A Guide to Loose Coupling and Writing Better Python Code With Dependency Inversion

A Guide to Loose Coupling and Writing Better Python Code With Dependency Inversion
Photo by Rachel Nickerson / Unsplash

This post is part 5 of a series on the SOLID principles.
You can find post 4 here, post 3 here, post 2 here and post 1 here.  

We have finally reached the last of the SOLID principles 😇
As usual we start with a definition:

Principle 5 is named the dependency inversion principle.
The definition has two parts:

A. High-level modules should not import anything from low-level modules. Both should depend on abstractions (e.g., interfaces).

B. Abstractions should not depend on details. Details (concrete implementations) should depend on abstractions.

Source: Dependency inversion principle - Wikipedia

In traditional software architecture we design lower level components to be used/consumed by higher level components. In other words, higher level components depend on lower level components. This dependency causes tight coupling in the software. As explained in principle one, we strive to achieve loose coupling to make it easier to develop, maintain and change code in the future.

The dependency inversion principle inverts this dependency in the sense that instead of higher level components depending on lower level ones, both should depend on abstractions. This abstraction layer would be an intermediate component that sits between the higher and lower level components. The two will then use this component to communicate and interact amongst each other. The abstraction component would usually be implemented as an interface.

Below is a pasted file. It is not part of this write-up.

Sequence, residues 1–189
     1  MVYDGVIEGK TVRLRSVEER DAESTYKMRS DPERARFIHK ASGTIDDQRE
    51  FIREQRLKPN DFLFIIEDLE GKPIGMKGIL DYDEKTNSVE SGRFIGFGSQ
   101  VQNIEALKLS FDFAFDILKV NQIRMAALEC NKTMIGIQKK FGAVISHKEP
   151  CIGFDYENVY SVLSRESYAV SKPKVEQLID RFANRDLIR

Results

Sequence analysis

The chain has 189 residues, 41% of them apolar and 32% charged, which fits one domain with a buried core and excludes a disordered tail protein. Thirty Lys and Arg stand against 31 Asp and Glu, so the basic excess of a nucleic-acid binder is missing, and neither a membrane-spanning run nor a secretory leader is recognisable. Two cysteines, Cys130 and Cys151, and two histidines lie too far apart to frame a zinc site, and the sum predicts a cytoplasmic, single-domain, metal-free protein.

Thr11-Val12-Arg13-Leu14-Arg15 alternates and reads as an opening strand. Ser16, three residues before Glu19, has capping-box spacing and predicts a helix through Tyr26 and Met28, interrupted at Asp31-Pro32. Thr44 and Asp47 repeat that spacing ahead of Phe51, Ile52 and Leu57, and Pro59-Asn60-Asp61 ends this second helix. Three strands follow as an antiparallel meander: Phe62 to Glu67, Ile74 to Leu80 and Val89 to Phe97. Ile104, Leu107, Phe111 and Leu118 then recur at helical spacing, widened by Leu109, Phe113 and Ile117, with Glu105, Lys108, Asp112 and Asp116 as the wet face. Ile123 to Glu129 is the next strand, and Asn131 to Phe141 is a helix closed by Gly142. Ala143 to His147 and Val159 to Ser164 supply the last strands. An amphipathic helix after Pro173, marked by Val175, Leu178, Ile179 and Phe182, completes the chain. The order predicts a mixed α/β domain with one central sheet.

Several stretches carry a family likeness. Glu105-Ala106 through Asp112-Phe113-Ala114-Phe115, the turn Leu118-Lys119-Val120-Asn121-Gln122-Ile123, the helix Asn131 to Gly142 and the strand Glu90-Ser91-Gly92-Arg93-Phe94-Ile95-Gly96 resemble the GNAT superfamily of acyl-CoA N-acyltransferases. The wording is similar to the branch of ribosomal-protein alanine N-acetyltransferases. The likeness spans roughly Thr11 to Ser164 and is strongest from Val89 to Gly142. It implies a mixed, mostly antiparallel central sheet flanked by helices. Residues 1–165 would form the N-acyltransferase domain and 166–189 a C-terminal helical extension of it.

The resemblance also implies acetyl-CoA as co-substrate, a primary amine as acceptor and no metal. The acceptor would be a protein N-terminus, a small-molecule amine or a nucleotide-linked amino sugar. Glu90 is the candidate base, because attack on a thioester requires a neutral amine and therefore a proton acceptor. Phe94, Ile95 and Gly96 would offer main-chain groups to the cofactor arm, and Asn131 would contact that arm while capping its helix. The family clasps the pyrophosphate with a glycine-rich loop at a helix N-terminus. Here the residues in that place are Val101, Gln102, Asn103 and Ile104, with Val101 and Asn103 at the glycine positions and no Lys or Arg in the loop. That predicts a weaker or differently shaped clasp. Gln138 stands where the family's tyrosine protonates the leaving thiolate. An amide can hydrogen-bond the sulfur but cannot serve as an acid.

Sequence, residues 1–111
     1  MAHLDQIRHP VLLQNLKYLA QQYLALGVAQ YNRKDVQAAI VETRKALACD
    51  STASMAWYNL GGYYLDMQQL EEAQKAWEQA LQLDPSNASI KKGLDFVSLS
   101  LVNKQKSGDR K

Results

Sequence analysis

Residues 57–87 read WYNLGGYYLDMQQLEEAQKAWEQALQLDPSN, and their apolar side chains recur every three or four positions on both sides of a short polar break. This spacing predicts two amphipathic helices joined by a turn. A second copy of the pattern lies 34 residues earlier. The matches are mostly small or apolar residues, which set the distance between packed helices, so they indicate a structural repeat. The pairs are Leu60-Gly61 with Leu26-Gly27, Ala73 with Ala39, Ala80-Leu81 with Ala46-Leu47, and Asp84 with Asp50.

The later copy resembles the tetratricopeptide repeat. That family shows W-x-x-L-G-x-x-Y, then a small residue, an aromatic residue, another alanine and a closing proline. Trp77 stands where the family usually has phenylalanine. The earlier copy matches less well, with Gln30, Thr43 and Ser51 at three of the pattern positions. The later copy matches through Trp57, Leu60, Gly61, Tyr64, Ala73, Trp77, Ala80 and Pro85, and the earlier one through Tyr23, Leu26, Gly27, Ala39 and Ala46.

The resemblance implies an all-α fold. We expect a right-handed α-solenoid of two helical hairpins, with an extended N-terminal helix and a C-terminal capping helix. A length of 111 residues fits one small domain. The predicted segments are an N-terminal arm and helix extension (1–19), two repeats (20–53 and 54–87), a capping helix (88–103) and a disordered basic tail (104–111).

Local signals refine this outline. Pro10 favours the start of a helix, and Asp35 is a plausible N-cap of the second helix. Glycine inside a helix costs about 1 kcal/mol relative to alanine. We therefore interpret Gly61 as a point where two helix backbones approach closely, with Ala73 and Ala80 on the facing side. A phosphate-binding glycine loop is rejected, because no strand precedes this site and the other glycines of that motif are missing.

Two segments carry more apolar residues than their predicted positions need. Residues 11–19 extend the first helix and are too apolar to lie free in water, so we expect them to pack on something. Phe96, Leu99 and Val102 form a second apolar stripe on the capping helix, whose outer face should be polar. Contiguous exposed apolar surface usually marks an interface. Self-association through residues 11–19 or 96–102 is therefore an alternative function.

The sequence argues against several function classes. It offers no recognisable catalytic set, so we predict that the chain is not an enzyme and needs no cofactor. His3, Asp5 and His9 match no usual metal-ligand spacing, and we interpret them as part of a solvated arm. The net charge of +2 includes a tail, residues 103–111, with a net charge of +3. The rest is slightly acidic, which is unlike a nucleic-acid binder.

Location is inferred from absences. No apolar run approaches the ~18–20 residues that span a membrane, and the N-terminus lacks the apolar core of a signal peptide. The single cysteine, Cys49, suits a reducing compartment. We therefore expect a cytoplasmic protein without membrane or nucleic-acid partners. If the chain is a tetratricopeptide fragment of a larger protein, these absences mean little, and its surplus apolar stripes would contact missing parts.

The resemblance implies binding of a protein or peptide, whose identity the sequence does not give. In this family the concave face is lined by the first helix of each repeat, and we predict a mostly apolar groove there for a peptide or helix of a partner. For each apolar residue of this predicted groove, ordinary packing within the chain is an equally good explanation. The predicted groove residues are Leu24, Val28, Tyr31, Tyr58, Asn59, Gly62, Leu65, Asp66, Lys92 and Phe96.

Time for some code and a concrete example!


Consider the following example where we model a robot:

The Robot class has only one function get_energy.
We model an Apple that the robot can get energy from.

Now, at some point the robot will get tired of eating apples.
So we add a Chocolate class to offer more eating options to the robot.

Notice however, what happens to the get_energy method. We must pass a string as a parameter indicating what eatable the robot should eat. Also, we must use if-else branching on the two different eatables. Now you can imagine if more eatables are added we would need more else branches. This is not good design.

Furthermore, because Robot has a dependency on each of the individual eatables we will run into issues if the implementation of one of the eatables changes. For example, if we introduce an additional parameter to the eat method in Chocolate the code in get_energy would break and we would have to refactor it to reflect the changes in Chocolate. These issues occur due to tight coupling and strong dependencies and are a violation of the dependency inversion principle.

Currently our architecture looks as follows:

Robot with dependencies on Apple and Chocolate


To solve this, we need to introduce an abstraction layer.
We modify the architecture as follows:

Removing tight dependencies through abstraction layer: Eatable interface

The code looks like so:

We create an Eatable interface that is implemented by both Apple and Chocolate.
We change the method signature of get_energy so that it expects an argument of type Eatable instead of str. This means we can get rid of the if-else branching. Furthermore, since all eatables implement the Eatable interface we are sure that there will be no code breakage if there changes to Chocolate or Apple.


In this post, we looked at the dependency inversion principle. The principle essentially states that higher level modules should not depend on lower level modules. Instead both should depend on abstractions. We make higher level modules independent of implementation specifics in lower level modules.

The principle:

  • Enforce loose coupling and thereby helps make code more robust in face of changes.
  • Allows re-use of higher level components since the abstraction layer prevents code breakage in case the lower level components need to be changed.

We have finally reached the end!

I hope you enjoyed this post and all the previous posts on the SOLID principles.

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